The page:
A lawyer for former Democratic state Sen. Rita Hart is expressing confidence in the campaign's case before the U.S. House challenging the election results in southeast Iowa's 2nd Congressional District.
Republican Rep. Mariannette Miller-Meeks, who was provisionally seated in the chamber after state officials certified the results, is defending her six vote margin in the historically close race and arguing the case should be dismissed.
Both parties have now filed petitions with the Committee on House Administration, which is charged with overseeing the challenge.
Last week Miller-Meeks’ legal team filed a motion to dismiss the case, arguing that “more than a century of precedent” required that Hart exhaust all legal remedies at the state level before taking her case to Congress.
Hart’s legal team, meanwhile, is asking the chamber to count 22 ballots it has identified which voters testified were legally cast but erroneously left out of the tally, apparently due to election worker error and inconsistencies in the application of state law across the district’s 24 counties. Additionally, Hart is asking for a full hand recount.
Speaking to reporters Monday, attorney Marc Elias says he’s even more confident in his client’s case after reading Miller-Meeks’ motion, saying the filing largely focuses on procedural issues rather than the facts of the case.
“I am more confident now than I was when I last talked to you that Rita Hart is going to be sworn in as the next congresswoman from IA-02, that she obtained more lawful votes,” Elias said. “We filed a petition that made a claim to the seat based on specific evidence, specific voters.”
As far as the question of precedent, Elias countered that Miller-Meeks’ team is “cherry-picking” past election contests that will suit their arguments, primarily focusing on cases that predated the Federal Contested Elections Act, the law pursuant to which Hart filed her appeal.
Miller-Meeks’ attorney Alan Ostergren previously said the legal team would more fully address the merits of the case after procedural questions were settled.
“Nothing could undermine the duty placed on a contestant more than permitting her to bypass available state procedures to raise and resolve factual and legal complaints about the conduct of the election," reads Miller-Meeks’ motion in part. “This House has wisely, both before and after the adoption of the FCEA, dismissed election contests where the contestant failed to pursue available state remedies first.”
Elias instead pointed to one of the most recent election contests in the House, a challenge between Rep. Robert Dornan and Rep.-elect Loretta Sanchez of California, which was allowed to move forward even though the contestant did not first exhaust all state remedies.
“There is no requirement of exhaustion under the federal statute that we are proceeding under. And that, I think, is undisputed as a matter of law,” Elias said. “The Federal Contested Elections Act itself, which is a federal law, does not require exhaustion.”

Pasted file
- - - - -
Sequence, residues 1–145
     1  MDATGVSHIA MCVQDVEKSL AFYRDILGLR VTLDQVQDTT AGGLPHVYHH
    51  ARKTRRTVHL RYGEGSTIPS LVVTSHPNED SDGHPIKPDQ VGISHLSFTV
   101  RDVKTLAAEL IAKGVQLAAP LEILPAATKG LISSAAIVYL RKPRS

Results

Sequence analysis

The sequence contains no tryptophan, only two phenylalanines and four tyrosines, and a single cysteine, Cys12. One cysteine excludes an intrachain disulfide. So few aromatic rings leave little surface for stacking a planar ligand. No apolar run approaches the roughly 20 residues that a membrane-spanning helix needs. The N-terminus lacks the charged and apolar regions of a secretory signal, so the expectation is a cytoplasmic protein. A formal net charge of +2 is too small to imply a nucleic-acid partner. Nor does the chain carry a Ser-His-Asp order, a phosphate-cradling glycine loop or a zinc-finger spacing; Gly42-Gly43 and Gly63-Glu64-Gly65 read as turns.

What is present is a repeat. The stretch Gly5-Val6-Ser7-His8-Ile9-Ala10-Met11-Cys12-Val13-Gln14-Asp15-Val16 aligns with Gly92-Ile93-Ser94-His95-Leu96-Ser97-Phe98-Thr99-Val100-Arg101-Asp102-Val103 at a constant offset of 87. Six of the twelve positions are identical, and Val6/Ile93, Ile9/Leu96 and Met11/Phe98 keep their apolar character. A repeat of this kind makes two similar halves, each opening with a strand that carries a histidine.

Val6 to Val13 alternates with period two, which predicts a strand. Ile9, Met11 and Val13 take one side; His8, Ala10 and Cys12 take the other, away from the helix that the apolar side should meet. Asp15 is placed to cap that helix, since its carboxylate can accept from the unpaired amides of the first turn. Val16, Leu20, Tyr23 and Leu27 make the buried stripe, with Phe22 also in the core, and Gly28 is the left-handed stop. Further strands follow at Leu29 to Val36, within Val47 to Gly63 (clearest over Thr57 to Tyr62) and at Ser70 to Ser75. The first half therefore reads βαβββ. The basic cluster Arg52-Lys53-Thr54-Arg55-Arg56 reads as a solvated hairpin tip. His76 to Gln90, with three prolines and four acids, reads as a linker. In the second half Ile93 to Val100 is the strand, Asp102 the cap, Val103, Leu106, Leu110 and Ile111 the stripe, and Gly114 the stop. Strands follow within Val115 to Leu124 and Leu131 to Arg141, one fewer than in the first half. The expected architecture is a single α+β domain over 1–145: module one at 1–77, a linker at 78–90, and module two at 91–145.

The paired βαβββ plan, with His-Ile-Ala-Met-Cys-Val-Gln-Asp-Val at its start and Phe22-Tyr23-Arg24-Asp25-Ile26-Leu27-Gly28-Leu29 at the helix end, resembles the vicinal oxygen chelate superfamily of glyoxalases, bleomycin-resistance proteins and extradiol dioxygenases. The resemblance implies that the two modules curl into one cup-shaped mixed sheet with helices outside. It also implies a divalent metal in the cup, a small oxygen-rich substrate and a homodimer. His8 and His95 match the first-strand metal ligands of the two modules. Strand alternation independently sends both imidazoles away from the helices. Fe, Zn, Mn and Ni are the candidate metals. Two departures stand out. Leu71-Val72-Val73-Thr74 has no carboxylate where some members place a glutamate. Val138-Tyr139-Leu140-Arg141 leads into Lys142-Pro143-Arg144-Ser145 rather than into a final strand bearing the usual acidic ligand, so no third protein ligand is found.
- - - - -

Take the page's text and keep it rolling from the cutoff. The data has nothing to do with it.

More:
Miller-Meeks’ campaign continued to dispute this, releasing a written statement from Ostergren on Monday.
“No amount of partisan spin can change the fact that the precedents of the House of Representatives require a contestant to first present her claims under state law,” Ostergren’s statement reads. “The Iowans in the Second Congressional District should not be denied their elected representative because Rita Hart cannot accept the fact that she lost.”
If the Committee on House Administration rejects Miller-Meeks’ exhaustion argument and allows the contest to go forward, Elias says he’s confident that the 22 ballots will be counted, netting 18 votes for Hart and 3 for Miller-Meeks, enough to put Hart in the lead. (One of the voters did not vote for either candidate).
If the exhaustion claim fails, “those 22 votes are going to count. As sure as I sit here, those 22 votes are going to count,” Elias said. “And that is going to, I believe, when that happens, that is going to change the outcome of the election.”
Miller-Meeks’ team has characterized Hart’s evidence as insufficient to prove her case. But after identifying and taking testimony from 22 voters who wish to see their legal votes tallied, Elias counters that seeking to dismiss the case effectively disenfranchises those voters.
“Isn’t the process to make sure that voters’ voices are heard? I mean shouldn’t Miller-Meeks’ top priority be to make sure that those 22 voters have their votes counted?” Elias said. “Whoever looks at this, if you take a step back, like there are 22 voters who haven’t had their votes counted. And there doesn’t seem to be – at the end of this – at the end of the [Miller-Meeks’] briefing here – there doesn’t seem to be any dispute about that.”
It’s now up to the Committee on House Administration to review the filings and determine the next steps, which could include taking testimony and examining ballots. According to the CHA website, the committee has not yet formally organized or scheduled any meetings. Ultimately, the CHA will issue a recommendation on who should have the seat, which the House can act on by a simple majority vote.